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ISHS Acta Horticulturae 1218: IX International Symposium on Kiwifruit

The association between vine management wounds and weather risk on the development of kiwifruit bacterial canker in 'Hayward' kiwifruit

Authors:   K.J. Froud, N. Cogger, R.M. Beresford
Keywords:   cross-sectional observational study, weather risk model, multivariable logistic regression, odds ratio
DOI:   10.17660/ActaHortic.2018.1218.31
Abstract:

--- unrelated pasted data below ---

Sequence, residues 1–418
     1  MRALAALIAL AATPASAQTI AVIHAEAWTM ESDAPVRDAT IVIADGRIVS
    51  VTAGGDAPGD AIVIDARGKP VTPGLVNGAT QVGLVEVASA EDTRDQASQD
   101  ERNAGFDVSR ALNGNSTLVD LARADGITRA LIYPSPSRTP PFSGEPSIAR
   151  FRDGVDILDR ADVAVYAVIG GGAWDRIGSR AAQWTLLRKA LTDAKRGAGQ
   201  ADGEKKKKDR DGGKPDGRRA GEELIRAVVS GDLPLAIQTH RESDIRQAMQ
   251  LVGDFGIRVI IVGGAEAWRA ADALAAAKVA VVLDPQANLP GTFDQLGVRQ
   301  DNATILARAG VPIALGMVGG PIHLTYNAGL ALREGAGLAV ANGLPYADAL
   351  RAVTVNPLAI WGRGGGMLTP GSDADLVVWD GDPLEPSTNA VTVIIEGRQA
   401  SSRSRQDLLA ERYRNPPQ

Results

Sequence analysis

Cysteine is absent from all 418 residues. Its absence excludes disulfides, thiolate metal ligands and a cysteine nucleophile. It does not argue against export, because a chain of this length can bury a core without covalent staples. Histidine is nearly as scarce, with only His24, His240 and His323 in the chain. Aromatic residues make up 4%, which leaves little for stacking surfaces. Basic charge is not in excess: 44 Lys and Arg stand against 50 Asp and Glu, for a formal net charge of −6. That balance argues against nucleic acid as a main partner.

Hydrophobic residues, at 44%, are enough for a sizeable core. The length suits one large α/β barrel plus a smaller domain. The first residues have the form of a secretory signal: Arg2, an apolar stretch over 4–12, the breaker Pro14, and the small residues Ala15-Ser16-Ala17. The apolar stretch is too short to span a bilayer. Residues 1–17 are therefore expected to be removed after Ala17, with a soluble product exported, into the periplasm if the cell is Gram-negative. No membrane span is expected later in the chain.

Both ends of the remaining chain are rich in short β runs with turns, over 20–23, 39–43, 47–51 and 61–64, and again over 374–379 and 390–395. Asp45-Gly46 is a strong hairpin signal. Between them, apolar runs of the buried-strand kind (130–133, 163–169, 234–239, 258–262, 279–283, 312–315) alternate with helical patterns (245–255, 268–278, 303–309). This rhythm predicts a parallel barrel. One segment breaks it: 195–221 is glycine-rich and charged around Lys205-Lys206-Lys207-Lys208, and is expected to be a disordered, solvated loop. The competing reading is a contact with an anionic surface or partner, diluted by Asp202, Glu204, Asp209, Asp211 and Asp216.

Kiwifruit bacterial canker, caused by Pseudomonas syringae pv. actinidiae biovar 3 (Psa), has caused considerable damage in New Zealand to susceptible kiwifruit vines. In 2013, a study of kiwifruit bacterial canker in Actinidia chinensis var. deliciosa 'Hayward'orchards investigated whether commercial vine management activities, undertaken during periods of high weather risk, increased the risk of severe bacterial canker symptoms of shoot wilt and cane dieback in kiwifruit orchard blocks. The approach taken, which is novel to botanical epidemiology but widely used in veterinary and medical epidemiology, used observational data with multivariable modelling. Data were collected from a cross-sectional survey from 223 kiwifruit growers. Our results showed statistically significant associations between pruning activities conducted in high-weather-risk periods in spring and the presence of severe symptoms. These results suggested that a risk-indicator threshold of about 25 from the weather-based Psa risk model may be associated with increased risk of severe disease in kiwifruit orchard blocks. This study provides the first evidence that the Psa risk model can predict infection leading to severe bacterial canker symptoms, in addition to its proven ability to predict leaf spotting. It also indicated that lower risk-indicator values than previously thought are associated with substantial disease risk. The combination of disease predictive models with disease risk-factor statistical models has potential for wider application in plant protection research, particularly in validating the use of predictive models within commercial orchards.

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